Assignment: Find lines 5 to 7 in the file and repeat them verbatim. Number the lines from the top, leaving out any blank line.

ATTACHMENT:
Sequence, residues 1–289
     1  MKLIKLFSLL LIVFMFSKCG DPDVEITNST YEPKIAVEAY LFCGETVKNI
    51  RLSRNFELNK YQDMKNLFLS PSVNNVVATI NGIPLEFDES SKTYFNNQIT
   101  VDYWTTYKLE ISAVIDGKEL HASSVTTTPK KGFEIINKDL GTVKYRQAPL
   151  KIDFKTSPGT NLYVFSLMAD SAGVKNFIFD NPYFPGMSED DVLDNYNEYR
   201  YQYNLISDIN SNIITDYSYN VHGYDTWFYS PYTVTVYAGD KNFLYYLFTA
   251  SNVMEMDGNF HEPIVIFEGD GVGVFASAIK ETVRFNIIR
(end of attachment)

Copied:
   151  KIDFKTSPGT NLYVFSLMAD SAGVKNFIFD NPYFPGMSED DVLDNYNEYR
   201  YQYNLISDIN SNIITDYSYN VHGYDTWFYS PYTVTVYAGD KNFLYYLFTA
   251  SNVMEMDGNF HEPIVIFEGD GVGVFASAIK ETVRFNIIR